A WORLDWIDE call has gone out from Truro Cathedral for people to make their mark on history and help it raise £3.2 million to repair the dilapidated roof.
Truro Cathedral has launched its Sign-A-Slate campaign after launching The Truro Cathedral Roof Appeal earlier this year.
The existing roof on the jewel of Truro’s crown is formed of slates that are between 107 and 130 years old and, after more than a century of being battered by the elements and intermittently patched up, all the slates now need to be replaced.
Sixty thousand slates need to be paid for in order for the illustrious building to be re-roofed.
With the slates breaking away and rusty nails causing the slates to slip, holes have now appeared that are so large that pigeons have flown into the building and are roosting inside.
Rain has also started to leak in and the cathedral’s specialist architect, Izaak Hudson, has said it was only a matter of time before this starts to damage the main part of the building if the roof is not repaired.
Mr Hudson, from architectural firm Purcell, says: "Many of the slates are delaminating and also suffering from corrosion of the nails which fix them and breakages around the nail holes which cause the tiles to slip and create holes.
"The roof space is so large, much of the rainwater that is getting in evaporates before it drains through the vault stonework into the main cathedral spaces, but it is important we undertake the repairs now to ensure the interior of the cathedral remains protected."
The Government has already provided a grant of £500,000 through the First World War Centenary Fund, which has allowed for work to get under way on the western arm of the nave, which is in the most urgent need of repair.
However, with hundreds of thousands still to raise and a long road ahead before the re-slating of the roof is completed, the cathedral’s Dean, the Very Reverend Roger Bush, has announced the Sign-A-Slate campaign.
He hopes it will put the "fun back into fundraising" and "stimulate the imagination of as many people as possible" to take part.
It offers those making a donation to the appeal the chance to sign or write a message on the back of one of the 60,000 new slates. The slates, complete with the messages etched in permanent marker, will then be in place for generations to come.
Mr Bush said: "The Sign-A-Slate Appeal is a very fitting way to encourage this major project.
"The people of Cornwall sacrificed an enormous amount to build the cathedral in the first place and we want to encourage as many people coming through the building or online to support us in this major appeal.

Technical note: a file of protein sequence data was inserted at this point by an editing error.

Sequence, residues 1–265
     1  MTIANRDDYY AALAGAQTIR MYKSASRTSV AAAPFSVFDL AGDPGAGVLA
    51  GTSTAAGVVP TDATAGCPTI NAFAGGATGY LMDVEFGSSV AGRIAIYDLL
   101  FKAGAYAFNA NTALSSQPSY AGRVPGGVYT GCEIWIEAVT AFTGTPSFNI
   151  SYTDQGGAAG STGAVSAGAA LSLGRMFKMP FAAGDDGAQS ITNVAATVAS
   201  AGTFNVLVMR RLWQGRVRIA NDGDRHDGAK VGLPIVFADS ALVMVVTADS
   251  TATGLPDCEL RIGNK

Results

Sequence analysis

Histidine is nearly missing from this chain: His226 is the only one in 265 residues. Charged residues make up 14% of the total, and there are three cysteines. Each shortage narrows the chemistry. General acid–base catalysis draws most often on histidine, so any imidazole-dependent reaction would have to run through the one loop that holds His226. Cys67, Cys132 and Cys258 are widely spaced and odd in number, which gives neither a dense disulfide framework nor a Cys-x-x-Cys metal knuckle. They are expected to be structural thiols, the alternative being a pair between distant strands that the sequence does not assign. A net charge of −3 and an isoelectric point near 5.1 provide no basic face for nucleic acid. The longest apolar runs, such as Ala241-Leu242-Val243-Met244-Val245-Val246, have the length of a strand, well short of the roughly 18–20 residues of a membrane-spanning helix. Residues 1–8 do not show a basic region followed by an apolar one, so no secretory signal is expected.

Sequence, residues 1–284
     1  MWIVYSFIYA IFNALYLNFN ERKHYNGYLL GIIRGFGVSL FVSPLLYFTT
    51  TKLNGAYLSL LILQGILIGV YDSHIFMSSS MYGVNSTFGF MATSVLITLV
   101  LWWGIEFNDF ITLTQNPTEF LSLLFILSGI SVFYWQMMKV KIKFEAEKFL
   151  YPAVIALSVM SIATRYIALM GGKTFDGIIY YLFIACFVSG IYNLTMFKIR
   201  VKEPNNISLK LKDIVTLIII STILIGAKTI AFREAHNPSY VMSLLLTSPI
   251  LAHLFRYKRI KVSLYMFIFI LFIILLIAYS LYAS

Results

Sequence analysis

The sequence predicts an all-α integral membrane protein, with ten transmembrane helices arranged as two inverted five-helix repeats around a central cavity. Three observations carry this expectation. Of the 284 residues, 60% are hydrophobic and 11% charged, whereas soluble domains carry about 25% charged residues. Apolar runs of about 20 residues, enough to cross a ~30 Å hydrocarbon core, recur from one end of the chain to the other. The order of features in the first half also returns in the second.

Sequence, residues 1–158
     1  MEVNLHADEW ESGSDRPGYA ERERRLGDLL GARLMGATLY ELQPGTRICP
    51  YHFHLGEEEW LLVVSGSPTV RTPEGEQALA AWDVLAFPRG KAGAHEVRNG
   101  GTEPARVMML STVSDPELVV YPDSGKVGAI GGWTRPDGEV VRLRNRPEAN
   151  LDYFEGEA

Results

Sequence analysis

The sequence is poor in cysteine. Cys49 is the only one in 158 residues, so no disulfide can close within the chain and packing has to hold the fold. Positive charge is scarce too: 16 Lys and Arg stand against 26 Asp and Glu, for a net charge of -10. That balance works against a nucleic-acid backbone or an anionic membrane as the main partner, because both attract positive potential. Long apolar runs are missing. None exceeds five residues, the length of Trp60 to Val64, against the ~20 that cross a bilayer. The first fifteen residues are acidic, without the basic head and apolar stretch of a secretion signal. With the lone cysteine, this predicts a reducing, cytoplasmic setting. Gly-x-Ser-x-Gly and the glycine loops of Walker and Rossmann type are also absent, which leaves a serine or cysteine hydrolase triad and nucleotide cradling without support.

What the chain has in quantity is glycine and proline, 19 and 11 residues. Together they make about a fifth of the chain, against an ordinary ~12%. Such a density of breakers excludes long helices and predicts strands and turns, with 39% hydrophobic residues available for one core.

"We feel this is a terribly important thing for us to do because of the importance at which the cathedral is held by so many people throughout the county.
"The cathedral is an iconic building. Coming into the city, by road, by train or by boat, you see this fantastic building on the horizon. It has a really important status."
As well as hundreds of thousands of worshippers flocking regularly to the cathedral, it is one of the most versatile buildings in the entire county, hosting events from concerts to graduations, he says.
"Perhaps the most important thing that this building does for people is to offer the odd individual to come in and be quiet, to light a candle, to find some space, to be reflective – people we will probably never meet or never talk to," he adds. "For them it’s an important place to come to for that period of reflection and if we didn’t have this building then I think we would be denying so many people to explore who they are, what community means and what are important things to them.
"I do feel the cathedral serves an important purpose in the lives of so many people up and down this county."
Truro Cathedral is a self-funded entity separate from the Diocese of Truro and is entirely reliant on donations from supporters and visitors.
Mr Bush added: "Therefore raising this money is not just about keeping a historic landmark in place, but it enables the cathedral to pursue and expand its mission and its service to the people of this county for the next 100 years."
The slates will be sourced from the at Cwt y Bugail Quarry in North Wales. Welsh slate is being used because the slate produced in Cornwall today is much heavier than that were used more than 100 years ago, and would weigh too much for the cathedral’s structure to take, and because of the significant number required.
Mr Hudson added: "For those of us who will be laying the new slates that have been signed, it will be a real honour as every single one will be a reminder of the various ways people value and support the preservation of Cornwall’s only cathedral."
Work will be carried out across four phases and the roof is due to be completed by 2021.
Source : www.westbriton.co.uk – WBCaroline